Doomed? Consume.

As the purported Mayan apocalypse approaches, chefs plan final feasts

December 20, 2012
Mayan culture inspired Oyamel’s wild boar chops with peanut mole.

Here we are, one day away from Dec. 21, 2012, and it’s difficult to ignore all of the people out there talking about what’s just around the corner. Tomorrow’s date marks the final hours of life in this world as we know it — at least, according to certain people’s interpretations of a certain version of a certain type of ancient Mayan calendar.

But let’s stop dwelling on contingencies and second-guessing forecasts. If this is indeed The End, how we spend our final moments — the people with whom we interact, the places we go, the things we do and the foods we consume — is phenomenally important.

You don’t need to remind chefs about that last point, though. Many of them have been shaping their customers’ final meals for weeks.

“What do you have to eat before the world ends? What do you have to get your hands on one last time?” asks Chris Jakubiec, the executive chef at the Jefferson Hotel’s Plume restaurant and Quill lounge, who’s preparing an “end of the world” menu in honor of the date. His answer is a multicourse meal at Plume with nods to Mayan (by way of present-day Mexican) culture.

An appetizer of caviar “tacos” — tiny black orbs of salty Osetra and Hackleback roe, cut by cool horseradish-laced whipped creme fraiche, chopped red onion and parsley, within a delicate potato chip-like shell — kicks off the evening. (The tacos are also available for $36 at Quill through the end of December.) “It’s basically all the ingredients you would have with classical caviar service, but presented in a completely different fashion,” Jakubiec says.

Dishes of increasing indulgence continue the waist-expanding evening (no need to worry about that diet anymore, anyway): seared foie gras, lobster thermidor gratin and Kobe-style beef with papaya “ceviche.” Dessert is a spicy chocolate lava cake.

“The whole point is really high-caliber, extravagant ingredients,” Jakubiec says.

Poste Moderne Brasserie’s “final feast” is equally decadent. With eight courses — including an amuse-bouche of foie gras, an “intermezzo” of pickled champagne grapes, and a plate of stinky, whipped Epoisses cheese playfully prepared to resemble an ice cream cone — chef Dennis Marron’s lineup would leave a strong impression (if diners weren’t all doomed soon after digesting).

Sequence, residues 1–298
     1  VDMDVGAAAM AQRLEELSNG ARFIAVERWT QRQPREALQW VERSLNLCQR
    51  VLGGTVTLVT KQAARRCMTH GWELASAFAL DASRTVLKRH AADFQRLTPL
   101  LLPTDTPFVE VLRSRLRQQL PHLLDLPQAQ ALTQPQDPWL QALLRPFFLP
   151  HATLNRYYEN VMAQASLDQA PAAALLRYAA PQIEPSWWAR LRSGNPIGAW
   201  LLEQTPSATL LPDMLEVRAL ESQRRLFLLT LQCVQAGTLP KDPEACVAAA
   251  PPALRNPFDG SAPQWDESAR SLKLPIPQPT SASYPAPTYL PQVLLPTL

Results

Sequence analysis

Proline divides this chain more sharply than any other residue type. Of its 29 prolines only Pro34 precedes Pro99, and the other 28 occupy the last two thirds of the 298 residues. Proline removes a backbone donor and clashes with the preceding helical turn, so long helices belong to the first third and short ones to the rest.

At Oyamel Cocina Mexicana, chef Omar Rodriguez is approaching the date with more reverence for Mayan tradition than for all-out gluttony. That’s not to say the special dishes (priced a la carte; and also available for New Year’s Eve, if it should happen) won’t be rich.

Seared foie gras stars in the “al pastor” taco ($6.50), served with pineapple and guajillo chile sauce. It’s also in one of a handful of special entrees: “bistec a la parilla,” or grilled rib-eye steak, served with chipotle foie gras compound butter and huitlacoche (corn fungus) mole ($50).

One dish that’s especially true to Mayan cuisine is “chuleta de jabali” ($40), a wild boar chop with peanut mole and a sweet potato-pozole hash, according to general manager Michael Iglesias. “Peanut mole is very Mayan,” Iglesias says. “Wild game in general was something you would have eaten for a celebration or a ceremony.”

Special-occasion dishes seem only appropriate with Armageddon so imminent. But don’t discount the value of comfort food. Marron realized that when he researched real people’s ultimate eats and looked into one of the most sobering sources around: death-row meals.

“One guy had a slice of cake as his last meal. One guy had two pieces of pizza and a Coke,” Marron says. “One guy had a cup of coffee — that was it.”

For his part, Marron probably won’t be eating his dream final-farewell meal (which would include whole roasted pig and a variety of desserts) this weekend — even as he serves diners what could potentially be their closing courses.

“I think this menu is a nice celebration of, ‘This is not going to be our last meal,’ ” Marron says. “This is not the end of the world, we hope.”

Plume and Quill at the Jefferson Hotel, 1200 16th St. NW; $85 for the prix fixe meal, Fri. & Sat.; 202-448-2300. (Farragut North)
Poste Moderne Brasserie, 555 8th St. NW; $180; Fri. 8:45 p.m.; 202-783-6060. (Gallery Place)
Oyamel Cucina Mexicana, 401 7th St. NW; Fri., 5 p.m. through midnight; 202-628-1005. (Gallery Place)
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